Mounting NFS on Windows 10 clients

15 Aug 2021 - tsp
Last update 16 Aug 2021
Reading time 4 mins

TL;DR: Install NFS client feature (either from features menu or via DISM in an elevated command prompt), use the mount and umount command to mount and unmount via NFS in case anonymous user mapping is used.


Sometimes one just encounters Windows machines even if one tries to avoid this as good as possible. Then sometimes one wants to allow them to access network shares on a local network - Windows users are usually using the SMB protocol using WINS to locate the machines. It’s entirely possible to support these protocols using samba (and even possible running the LDAP / Kerberos suite that’s called active directory by Microsoft even though that’s a little bit of work). On the other hand it’s most of the time simpler to support NFS on the clients instead of rolling out a second file sharing protocol in parallel. Fortunately Microsoft now supports NFS even on more consumer side versions (professional edition) of Windows and not only on the enterprise versions as before - though up to my knowledge there is no way to mount NFS shares on home editions (but since they also do not support different users for SMB, etc. they’re pretty much useless as soon as one runs a network anyways). This blog post gives a short summary on how to mount NFS shares on Windows machines (basically a note to myself how to do this stuff).

Installing the NFS client

First of the NFS client is only supported since Windows 10 professional in the professional versions, older versions (though they should not be in operating networked anywhere anyways) one would require the enterprise versions.

One can either just use both Client for NFS and Administrative Tools from the Services for NFS in Windows features dialog to install the NFS client of use DISM from an elevated command prompt:

dism /online /Enable-Feature /FeatureName:ServicesForNFS-ClientOnly
dism /online /Enable-Feature /FeatureName:ClientForNFS-infrastructure
dism /online /Enable-Feature /FeatureName:NFS-administration



If one has exported a share with a typical anonymous mapall mount (i.e. one that has a -mapall=username value set in the /etc/exports on the server) one can simply mount from a command prompt using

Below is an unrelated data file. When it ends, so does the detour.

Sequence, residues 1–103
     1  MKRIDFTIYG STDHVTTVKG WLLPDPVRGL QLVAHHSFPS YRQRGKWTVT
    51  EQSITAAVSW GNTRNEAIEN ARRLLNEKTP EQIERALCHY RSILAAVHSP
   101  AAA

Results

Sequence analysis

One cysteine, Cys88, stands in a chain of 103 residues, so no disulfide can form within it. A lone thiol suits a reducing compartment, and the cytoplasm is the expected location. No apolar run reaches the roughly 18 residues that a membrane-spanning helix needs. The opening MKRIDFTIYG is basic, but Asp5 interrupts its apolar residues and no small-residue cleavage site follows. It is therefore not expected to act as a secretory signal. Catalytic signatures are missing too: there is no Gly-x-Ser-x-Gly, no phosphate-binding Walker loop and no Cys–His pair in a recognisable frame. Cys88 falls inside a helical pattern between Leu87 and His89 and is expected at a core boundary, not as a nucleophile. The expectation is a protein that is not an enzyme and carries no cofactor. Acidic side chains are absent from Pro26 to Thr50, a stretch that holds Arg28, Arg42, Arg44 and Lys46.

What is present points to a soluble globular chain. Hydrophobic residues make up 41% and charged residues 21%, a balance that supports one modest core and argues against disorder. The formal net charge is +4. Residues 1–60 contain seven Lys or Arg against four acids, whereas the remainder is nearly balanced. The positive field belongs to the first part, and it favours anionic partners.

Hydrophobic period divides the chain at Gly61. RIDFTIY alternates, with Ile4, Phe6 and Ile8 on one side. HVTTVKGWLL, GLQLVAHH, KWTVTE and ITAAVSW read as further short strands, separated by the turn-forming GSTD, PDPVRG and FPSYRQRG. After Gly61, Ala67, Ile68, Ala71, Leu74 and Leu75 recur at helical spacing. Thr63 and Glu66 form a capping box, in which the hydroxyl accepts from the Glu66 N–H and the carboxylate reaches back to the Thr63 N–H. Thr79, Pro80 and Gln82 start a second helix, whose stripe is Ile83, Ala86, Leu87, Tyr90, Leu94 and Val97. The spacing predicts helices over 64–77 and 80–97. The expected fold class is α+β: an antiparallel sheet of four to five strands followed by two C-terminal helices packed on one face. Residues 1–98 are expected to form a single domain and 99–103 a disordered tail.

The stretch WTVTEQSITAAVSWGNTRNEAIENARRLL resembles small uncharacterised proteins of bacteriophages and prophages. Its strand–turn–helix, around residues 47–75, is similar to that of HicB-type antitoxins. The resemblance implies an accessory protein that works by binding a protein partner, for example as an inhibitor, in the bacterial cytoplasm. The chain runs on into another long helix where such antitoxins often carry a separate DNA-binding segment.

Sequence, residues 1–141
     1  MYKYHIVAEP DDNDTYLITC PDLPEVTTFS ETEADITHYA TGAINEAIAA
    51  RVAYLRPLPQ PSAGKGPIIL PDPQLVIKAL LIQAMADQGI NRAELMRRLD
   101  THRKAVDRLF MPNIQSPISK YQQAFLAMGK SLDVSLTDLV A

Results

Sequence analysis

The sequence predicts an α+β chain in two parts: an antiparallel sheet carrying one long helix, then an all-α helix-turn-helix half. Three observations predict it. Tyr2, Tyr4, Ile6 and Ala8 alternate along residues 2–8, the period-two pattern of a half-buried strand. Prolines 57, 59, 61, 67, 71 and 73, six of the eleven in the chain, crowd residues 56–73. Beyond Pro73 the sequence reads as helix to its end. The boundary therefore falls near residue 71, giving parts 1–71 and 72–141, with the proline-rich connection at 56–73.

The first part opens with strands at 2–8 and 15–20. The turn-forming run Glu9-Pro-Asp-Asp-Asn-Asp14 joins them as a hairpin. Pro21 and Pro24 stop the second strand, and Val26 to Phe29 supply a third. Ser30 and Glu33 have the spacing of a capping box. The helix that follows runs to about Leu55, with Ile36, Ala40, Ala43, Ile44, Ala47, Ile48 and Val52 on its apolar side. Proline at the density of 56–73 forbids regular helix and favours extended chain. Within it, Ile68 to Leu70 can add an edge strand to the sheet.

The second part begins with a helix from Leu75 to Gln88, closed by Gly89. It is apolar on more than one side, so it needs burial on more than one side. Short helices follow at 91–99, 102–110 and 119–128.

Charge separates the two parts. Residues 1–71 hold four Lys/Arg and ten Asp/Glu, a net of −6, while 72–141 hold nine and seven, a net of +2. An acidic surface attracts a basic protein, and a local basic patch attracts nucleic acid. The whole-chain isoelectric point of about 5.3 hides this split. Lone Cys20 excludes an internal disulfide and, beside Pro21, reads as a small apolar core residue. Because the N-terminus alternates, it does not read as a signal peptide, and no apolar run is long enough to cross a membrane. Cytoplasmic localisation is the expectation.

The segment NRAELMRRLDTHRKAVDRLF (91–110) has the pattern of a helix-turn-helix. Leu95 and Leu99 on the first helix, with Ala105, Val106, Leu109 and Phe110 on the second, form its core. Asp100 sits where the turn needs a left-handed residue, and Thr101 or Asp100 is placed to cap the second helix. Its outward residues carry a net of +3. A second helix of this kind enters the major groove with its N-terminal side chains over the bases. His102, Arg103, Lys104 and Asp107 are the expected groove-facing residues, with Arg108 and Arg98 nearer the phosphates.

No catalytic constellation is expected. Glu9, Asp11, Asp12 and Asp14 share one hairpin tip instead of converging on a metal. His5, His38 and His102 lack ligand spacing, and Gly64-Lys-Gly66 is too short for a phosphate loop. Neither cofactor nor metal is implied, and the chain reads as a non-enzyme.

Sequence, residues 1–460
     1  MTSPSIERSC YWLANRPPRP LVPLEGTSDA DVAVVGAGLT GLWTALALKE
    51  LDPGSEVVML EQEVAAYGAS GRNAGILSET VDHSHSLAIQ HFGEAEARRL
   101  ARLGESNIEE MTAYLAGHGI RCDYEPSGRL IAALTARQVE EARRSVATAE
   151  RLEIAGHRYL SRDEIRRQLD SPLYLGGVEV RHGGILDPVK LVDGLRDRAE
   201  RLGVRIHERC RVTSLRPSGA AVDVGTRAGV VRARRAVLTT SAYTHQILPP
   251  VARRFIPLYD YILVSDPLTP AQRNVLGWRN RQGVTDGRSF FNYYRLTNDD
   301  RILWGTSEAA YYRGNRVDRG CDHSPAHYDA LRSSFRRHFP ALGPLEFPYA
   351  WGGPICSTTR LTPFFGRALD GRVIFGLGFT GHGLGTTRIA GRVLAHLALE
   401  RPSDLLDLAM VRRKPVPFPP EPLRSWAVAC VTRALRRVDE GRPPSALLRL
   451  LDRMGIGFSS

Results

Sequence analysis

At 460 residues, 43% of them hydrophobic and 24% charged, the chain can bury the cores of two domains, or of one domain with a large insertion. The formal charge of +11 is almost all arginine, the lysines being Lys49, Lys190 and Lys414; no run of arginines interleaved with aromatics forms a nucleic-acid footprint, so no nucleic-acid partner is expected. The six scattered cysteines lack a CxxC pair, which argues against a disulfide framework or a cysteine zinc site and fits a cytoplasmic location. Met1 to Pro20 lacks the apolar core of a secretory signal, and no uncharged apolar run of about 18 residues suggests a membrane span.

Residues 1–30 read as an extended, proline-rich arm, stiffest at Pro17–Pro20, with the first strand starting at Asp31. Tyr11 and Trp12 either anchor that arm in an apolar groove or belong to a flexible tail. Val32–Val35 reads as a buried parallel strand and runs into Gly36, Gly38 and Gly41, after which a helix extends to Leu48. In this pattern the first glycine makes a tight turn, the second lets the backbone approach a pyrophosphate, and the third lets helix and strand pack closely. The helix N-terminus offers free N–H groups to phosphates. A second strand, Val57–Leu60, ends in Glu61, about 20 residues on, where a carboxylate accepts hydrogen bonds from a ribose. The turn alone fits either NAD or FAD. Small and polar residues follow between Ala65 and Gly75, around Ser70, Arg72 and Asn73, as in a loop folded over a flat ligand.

mount -o anon \\server\path\to\directory DRIVE:

In case one wants to mount

this would be

mount -o anon \\\nfs\testdata x:

One can control the UID and GID that Windows is using for anonymous mounts using the registry keys HKEY_LOCAL_MACHINE\SOFTWARE\Microsoft\ClientForNFS\CurrentVersion\Default\AnonymousUID and HKEY_LOCAL_MACHINE\SOFTWARE\Microsoft\ClientForNFS\CurrentVersion\Default\AnonymousGID (both are DWORD keys and accept the numeric user id and group id). Note that changing these settings only takes effect after a reboot of the machine or a restart of the NFS service.

Unauthenticated, with user mapping, no AD, no Kerberos

In case one wants to use NFS in the old 90’th way without authentication (privileged ports have been considered trusted since the client has been considered trusted and Kerberos has not been a thing back then) one has to create the user and group mappings Windows is using for it’s mountpoints. This is done using a passwd and groups file at C:\windows\system32\drivers\etc\passwd and C:\windows\system32\drivers\etc\group

The typical format of lines inside these files is for passwd:


and for group:


For example in case one wants to identify the user exampleuser with the Unix UID 1234 and the GID 567 the entries might look like the following:

exampleuser:x:1234:567:Just an example user,,,:c:\users\exampleuser



Please note that the parser is rather picky:

With Kerberos

This is by far the best idea. I won’t cover the setup of Kerberos in one’s network in this blog post since this is a little bit more complex (it requires correctly configured DNS and reverse DNS, a running KDC, etc.) but it’s totally worth it. In case one has not configured Kerberos or user mapping one just has to perform the standard setup sequence for Kerberos on the Windows client:

ksetup /setdomain EXAMPLE.COM
ksetup /setmachpassword <your kerberos password>
ksetup /addrealmflags EXAMPLE.COM sendaddress delegate
ksetup /mapuser * *

The last step maps all users from the network by name to local users. One can few the current state of Kerberos:

ksetup.exe / DumpState

To check if a user is capable of getting a Kerberos ticket one just as usual uses klist to list current tickets.

Mounting an NFS share works similar to anonymous mounting - just specifying Kerberos as security layer:

mount -o sec=krb5 server:/path/to/directory DRIVE:

Again using the same example:

mount -o sec=krb5 x:

This article is tagged:

Data protection policy

Dipl.-Ing. Thomas Spielauer, Wien (

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